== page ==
Harlequin: ‘95% of investors want to avoid liquidation’

Harlequin Property, the Essex, UK-based resort developer that’s been in the news recently, after its management unveiled a draft rescue proposal it says could avoid the need to put its troubled Buccament Bay Resort project into liquidation, says a survey of investors in that project has revealed that 95% “want to avoid” such a sell-off.

Other findings of the survey, which Harlequin said was carried out within the last few days, included 90% of investors saying they found “the key features of Harlequin’s proposal ‘appealing'”, and 88% saying they “support the idea of Harlequin Property (SVG) Ltd investors owning all HP SVG assets, including Buccament Bay Resort”. (The HP SVG business also includes an undeveloped beachfront site in Barbados known as Merricks.)

Based on the results of its survey, Harlequin said there seemed to be widespread support for going ahead with its rescue scheme, rather than seeing the business liquidated and the assets – such as would be left after trade and other creditors were paid – distributed to them.

According to Harlequin, it received 700 responses to its survey, which it noted represented approximately 23% of the 3,000 HP SVG investors.

How the survey was carried out

The Harlequin survey consisted of six questions, after each of which the respondents were asked to rate how important they regarded the issue being asked about.

Harlequin said it wanted to “ascertain investors’ thoughts on a range of matters relating to the proposal process currently being played out in the St Vincent courts”.

It added that the responses would be used by Harlequin’s management team to help it put together its final draft of its proposal, which is due to be finalised and put to HP SVG investors “within weeks”.

‘Months in development’

As reported, Harlequin founder and chairman David Ames last month revealed a plan he said had been “months” in development, which looks to take advantage of a new Saint Vincent and the Grenadines regime designed to give companies facing bankruptcy an alternative to liquidation. As currently envisioned, the scheme would involve one of four as-yet-unnamed hotel management companies signing up to run the Buccament Bay development on behalf of the investors, who would be handed ownership of the business.

Ames, pictured, unveiled his plan – still in draft form, as it is remains, for now – on 25 January,  a day after the UK’s Court of Appeal turned down a request by the UK accountancy firm, Wilkins Kennedy, to appeal a High Court judgment last December, which ordered it to pay US$11.5m (£9.14m) to Harlequin, in connection with an over-payment to a construction company known as ICE Group.

Ames’s plan is to put the US$11.5m – minus legal fees and other costs incurred in bringing the legal case against Wilkins Kennedy – towards restoring the Buccament Bay resort in Saint Vincent to “full use for the benefit of Harlequin Property (SVG) investors”, who, he explained, would be handed ownership of the resort.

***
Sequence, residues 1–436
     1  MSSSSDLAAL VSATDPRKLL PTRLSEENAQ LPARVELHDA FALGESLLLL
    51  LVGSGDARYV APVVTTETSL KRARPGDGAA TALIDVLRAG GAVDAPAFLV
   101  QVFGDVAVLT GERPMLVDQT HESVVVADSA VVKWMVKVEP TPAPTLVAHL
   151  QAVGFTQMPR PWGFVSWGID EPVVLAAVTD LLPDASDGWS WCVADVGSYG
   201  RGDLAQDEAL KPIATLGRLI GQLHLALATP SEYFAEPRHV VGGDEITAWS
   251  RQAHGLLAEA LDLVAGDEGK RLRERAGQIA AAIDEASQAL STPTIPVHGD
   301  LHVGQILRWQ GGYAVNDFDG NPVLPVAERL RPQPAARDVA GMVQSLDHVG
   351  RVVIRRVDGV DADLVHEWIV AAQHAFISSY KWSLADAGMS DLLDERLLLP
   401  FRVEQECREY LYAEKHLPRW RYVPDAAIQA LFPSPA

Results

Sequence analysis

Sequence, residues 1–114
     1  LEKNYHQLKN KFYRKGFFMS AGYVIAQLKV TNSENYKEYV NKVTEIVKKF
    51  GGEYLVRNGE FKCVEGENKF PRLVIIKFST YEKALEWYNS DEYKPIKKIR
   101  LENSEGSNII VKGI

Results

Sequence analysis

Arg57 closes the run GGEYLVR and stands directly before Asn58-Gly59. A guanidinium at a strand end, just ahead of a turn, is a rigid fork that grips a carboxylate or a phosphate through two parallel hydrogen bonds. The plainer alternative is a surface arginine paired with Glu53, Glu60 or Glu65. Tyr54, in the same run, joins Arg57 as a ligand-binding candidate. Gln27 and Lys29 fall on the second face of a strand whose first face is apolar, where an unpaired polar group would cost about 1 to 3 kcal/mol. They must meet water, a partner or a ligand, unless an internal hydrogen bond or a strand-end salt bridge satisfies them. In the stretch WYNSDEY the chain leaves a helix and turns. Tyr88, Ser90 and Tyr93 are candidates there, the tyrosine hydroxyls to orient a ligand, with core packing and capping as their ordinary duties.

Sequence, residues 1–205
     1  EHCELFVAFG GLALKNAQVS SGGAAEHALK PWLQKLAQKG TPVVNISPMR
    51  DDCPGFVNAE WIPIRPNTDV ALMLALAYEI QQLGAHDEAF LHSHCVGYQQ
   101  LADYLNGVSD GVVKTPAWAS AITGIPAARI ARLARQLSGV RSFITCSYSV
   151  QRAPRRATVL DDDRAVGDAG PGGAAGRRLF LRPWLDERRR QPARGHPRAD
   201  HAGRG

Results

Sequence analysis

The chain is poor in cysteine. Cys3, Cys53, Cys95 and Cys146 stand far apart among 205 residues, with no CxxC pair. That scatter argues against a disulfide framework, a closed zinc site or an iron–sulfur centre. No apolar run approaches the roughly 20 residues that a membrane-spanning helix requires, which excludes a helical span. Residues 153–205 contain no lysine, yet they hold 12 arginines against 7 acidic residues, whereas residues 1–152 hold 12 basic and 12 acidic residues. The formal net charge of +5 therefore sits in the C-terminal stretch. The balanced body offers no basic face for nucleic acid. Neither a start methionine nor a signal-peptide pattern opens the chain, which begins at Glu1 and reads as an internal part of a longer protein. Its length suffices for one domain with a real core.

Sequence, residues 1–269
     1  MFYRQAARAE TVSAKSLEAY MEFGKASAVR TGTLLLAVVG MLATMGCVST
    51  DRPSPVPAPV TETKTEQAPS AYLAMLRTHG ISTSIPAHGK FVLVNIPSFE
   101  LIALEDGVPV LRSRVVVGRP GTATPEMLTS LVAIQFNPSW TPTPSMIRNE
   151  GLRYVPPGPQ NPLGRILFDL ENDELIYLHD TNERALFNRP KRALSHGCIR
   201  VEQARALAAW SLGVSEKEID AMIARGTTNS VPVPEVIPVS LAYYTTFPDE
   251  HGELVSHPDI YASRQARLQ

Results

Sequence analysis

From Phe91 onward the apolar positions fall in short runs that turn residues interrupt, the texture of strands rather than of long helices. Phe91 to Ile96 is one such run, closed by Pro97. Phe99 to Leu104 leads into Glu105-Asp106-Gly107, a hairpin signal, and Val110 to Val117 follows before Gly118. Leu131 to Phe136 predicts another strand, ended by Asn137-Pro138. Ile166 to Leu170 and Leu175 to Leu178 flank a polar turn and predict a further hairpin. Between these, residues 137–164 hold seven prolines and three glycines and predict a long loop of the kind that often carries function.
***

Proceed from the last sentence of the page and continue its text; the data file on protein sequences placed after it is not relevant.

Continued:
One of the hotel management companies that have expressed an interest in running Buccament Bay is located in the Caribbean and the other three come from elsewhere, Ames said.

If the SVG court rejects the proposal, HP SVG and its assets will enter a liquidation process.  A vote on the proposal would be held within 21 days of its being officially published.

‘Investors want to avoid liquidation’

In a statement, Ames said the survey highlighted two “crucial” points: That more than nine out of 10 HP SVG investors “like the main features of the proposal package”, and that “virtually all [of the] investors want to avoid liquidation if possible”.

“The most important thing for me is ensuring our investors can make the best of this situation, and it’s clear that HP SVG investors want the chance to make the most of their investment monies, if it’s viable to do so,” Ames added.

“This is why I’m prepared to hand them control of HP SVG’s assets, including what was, until very recently a successful, multi-award-winning resort.

“Creating a viable and attractive proposal is a massive undertaking on limited resources, but we’ve made a lot of progress in a short space of time. The viability aspect requires some cooperation from external parties, which can take time to arrange, but the fantastic level of engagement from investors via meetings, telephone calls, correspondence and survey responses has made the fine tuning of the Proposal’s main features much easier.

“There are one or two third parties pushing for a liquidation scenario, but I firmly believe HP SVG investors deserve and must have a meaningful vote on the finished product, free of outside interference.

“Within a matter of weeks, the proposal will be completed and investors will receive a robust document that allows them to make a fully informed decision. This process isn’t about someone’s feelings towards me or professionals gaining fees; this is about the financial futures of regular people from all walks of life.”

In a separate but related development, a new airport is due to open next week on Saint Vincent, the island Buccament Bay is located on. Ames says the new airport “will allow direct international flights to the country for the first time”, thus significantly increasing the resort’s potential accessibility to international markets, including North America, a key market for Caribbean resorts.

ABOUT THE AUTHOR
Helen Burggraf
Helen Burggraf is the editor of International Investment. A US-trained journalist, she has worked in Rome, New York City and London, covering everything from the fashion and retailing industries to the global drinking water and water-treatment sector, private equity, and most recently, the international cross-border financial services/advice industry.

Read more from Helen Burggraf

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